Born in Hampshire, UK and now living in Minneapolis, Neil Gaiman is the author of more than twenty books, dozens of short stories, and many novels. He’s the first author to have won both the Carnegie and the Newbery medals for the same book: The Graveyard Book. He’s also won a variety of other awards including the Bram Stoker, Hugo, and Nebula awards. Since we’ve been big fans of him for quite some time, we’ve decided that we wanted to do an article on some of his best books. That’s exactly why we’ve gone ahead and listed what we feel are the best Neil Gaiman books available.
Quick Summary of the Best Neil Gaiman Books
- Best Overall
The Graveyard Book (Amazon) – Review
- Best For All Ages
Odd and the Frost Giants (Amazon) – Review
- Best Mythological Book
Norse Mythology By Neil Gaiman (Amazon) – Review
- Best TV Adapted Book
American Gods (Amazon) – Review
Best Overall: The Graveyard Book
Regardless of whether a reader is familiar with the works of Neil Gaiman, they’re probably going to want to read this book. That’s because this book shows the author at the pinnacle of his form. It’s a book that combines darkness and light, the tender with the sinister, and the sweet with the bittersweet. It’s a tale that takes a page from the storyteller’s of old, as Mr. Gaiman weaves together a story that’s both enchanting and unforgettable. All of this makes this a novel that both fans of his work, as well as readers who are new to him, are going to want to pick up. Just be warned, once this book is picked up, the reader is not going to want to put it down.
This book is about a boy named Nobody Owners, a child who simply goes by the name Bod, who lives in a graveyard and is raised by ghosts. In the graveyard, he has a garden that straddles the line between the world of the living and the dead, and he is witness to the adventures in the graveyard. Adventures that include a gateway to a city of ghouls, and Indigo man, and a horrible sleer. If Bod ever leaves the graveyard, however, he will be in terrible danger. In danger from Jack, a man who already killed his family and will gladly due him in if given a chance. It’s an instant, modern classic that’s won both the Carnegie and the Newbery medals.
Best For All Ages: Odd and the Frost Giants
Even though this book is only 128 pages, it’s still a book that is, in our opinion, worth reading. It’s a book that’s aimed at younger readers but is one that we believe can be enjoyed by people of all ages. It’s a Nordic tale told by Neil Gaiman and Chris Riddel, two authors who together create a tale of adventure and high adventure that will keep the reader glued to the book from the very first page to the very last page. It’s a book that’s beautifully illustrated as well, so parents can certainly read this book to their children and allow them to enjoy the images.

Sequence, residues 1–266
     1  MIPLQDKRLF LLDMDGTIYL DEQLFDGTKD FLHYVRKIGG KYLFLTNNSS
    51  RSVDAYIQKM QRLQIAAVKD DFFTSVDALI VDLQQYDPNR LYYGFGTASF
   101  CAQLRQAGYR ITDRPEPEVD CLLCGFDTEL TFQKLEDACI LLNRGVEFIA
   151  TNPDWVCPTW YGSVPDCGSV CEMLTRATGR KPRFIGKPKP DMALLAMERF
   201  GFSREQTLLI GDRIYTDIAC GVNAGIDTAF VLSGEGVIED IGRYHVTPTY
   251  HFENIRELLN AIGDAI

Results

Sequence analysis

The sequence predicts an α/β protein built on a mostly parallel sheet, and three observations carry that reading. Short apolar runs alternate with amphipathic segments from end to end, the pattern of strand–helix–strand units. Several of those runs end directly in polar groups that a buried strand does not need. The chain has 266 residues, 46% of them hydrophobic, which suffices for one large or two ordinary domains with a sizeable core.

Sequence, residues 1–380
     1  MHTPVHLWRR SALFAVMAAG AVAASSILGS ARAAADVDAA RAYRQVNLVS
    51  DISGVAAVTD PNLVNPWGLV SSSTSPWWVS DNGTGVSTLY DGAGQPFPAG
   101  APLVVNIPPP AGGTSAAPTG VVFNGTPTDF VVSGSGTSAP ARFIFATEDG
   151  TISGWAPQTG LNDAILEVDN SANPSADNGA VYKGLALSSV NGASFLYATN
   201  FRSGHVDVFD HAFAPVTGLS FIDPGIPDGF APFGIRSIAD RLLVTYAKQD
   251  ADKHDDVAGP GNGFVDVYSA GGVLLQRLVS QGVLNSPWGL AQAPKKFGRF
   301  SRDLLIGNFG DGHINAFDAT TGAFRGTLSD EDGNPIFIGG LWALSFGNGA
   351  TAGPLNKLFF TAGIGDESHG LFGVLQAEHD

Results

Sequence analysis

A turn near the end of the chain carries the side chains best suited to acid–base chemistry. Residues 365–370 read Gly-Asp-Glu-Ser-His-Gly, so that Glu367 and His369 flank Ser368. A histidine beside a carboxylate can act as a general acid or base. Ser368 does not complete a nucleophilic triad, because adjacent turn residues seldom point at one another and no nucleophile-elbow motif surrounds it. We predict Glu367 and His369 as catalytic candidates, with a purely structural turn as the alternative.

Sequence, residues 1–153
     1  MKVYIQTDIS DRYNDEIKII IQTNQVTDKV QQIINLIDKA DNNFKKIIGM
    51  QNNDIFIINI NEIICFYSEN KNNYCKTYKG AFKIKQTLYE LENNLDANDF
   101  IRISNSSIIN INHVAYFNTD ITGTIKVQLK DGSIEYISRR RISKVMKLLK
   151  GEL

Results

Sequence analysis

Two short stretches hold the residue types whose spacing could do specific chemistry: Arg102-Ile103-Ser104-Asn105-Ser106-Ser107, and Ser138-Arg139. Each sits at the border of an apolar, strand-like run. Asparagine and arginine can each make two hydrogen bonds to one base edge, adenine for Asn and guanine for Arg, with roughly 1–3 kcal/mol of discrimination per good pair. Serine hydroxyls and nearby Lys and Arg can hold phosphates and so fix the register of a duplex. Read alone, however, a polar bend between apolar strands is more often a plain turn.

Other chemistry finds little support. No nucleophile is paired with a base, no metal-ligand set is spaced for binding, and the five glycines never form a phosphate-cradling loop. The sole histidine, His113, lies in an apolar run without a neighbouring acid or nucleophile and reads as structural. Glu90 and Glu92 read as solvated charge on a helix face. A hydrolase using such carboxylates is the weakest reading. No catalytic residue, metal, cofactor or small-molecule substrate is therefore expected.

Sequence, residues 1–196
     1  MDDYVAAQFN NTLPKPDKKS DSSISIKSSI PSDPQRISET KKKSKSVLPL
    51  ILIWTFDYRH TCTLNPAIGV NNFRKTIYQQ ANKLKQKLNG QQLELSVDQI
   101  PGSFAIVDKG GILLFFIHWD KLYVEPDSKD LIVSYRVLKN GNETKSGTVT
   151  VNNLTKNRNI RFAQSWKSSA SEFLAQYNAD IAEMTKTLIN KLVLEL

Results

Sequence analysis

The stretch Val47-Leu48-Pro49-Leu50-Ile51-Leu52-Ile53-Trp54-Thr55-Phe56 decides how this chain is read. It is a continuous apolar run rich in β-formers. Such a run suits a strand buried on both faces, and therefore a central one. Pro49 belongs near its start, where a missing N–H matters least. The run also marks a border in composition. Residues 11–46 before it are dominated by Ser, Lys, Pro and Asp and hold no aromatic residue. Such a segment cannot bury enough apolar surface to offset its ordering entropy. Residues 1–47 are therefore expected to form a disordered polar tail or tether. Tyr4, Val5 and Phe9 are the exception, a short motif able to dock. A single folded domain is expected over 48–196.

This book starts with the introduction of a young Viking boy named Odd. Odd is left fatherless following a raid and has a crushed foot, so he flees into the woods as there is no longer anyone to protect him. Once in the woods, he comes across and releases a bear, and it’s at that moment that his fortune begins to change. That’s because the animals he comes across are Norse gods that have been trapped in animal form by an evil frost giant. This places Odd on a journey to grab Thors’ hammer, all while trying to outwit the giants. If he does it he’ll release the gods. If he doesn’t, then it could be disastrous.
Best Mythological Book: Norse Mythology By Neil Gaiman
Okay, we have to get it off our chests. Not everyone is going to like this book. Not because it isn’t beautifully told, because it is, and not because it isn’t concise and accurate regarding these tales. Some people are not going to like it because they may feel like it’s a rehashing of stories that anyone familiar with Viking mythology is already going to know. Neil Gaiman just takes these primeval stories and gives them a narrative arc that takes them from the beginning of the nine worlds and into the world populated with dwarves and giants, men and deities. For those unfamiliar with these stories, however, we feel that it’s a great and entertaining introduction to the subject.
All of the main players of Viking mythology can be found in this book. There’s Odin, high lord of the gods–a god who is wise, daring and full of cunning. Then there’s Thor, the son of Odin, a fantastic hero with unbounded strength, but who is a god that might not be the sharpest tool in the shed. And finally, there’s Loki, blood brother to Odin and son of a giant. A trickster who likes to manipulate things behind the scenes and is the unrepentant trickster. There are tales of Thor trying to retrieve his stolen hammer, as well as the tale of the Blood of Kvasir. Neil Gaiman has succeeded where other authors have failed by breathing life once again into this ancient mythos.
Best TV Adapted Book: American Gods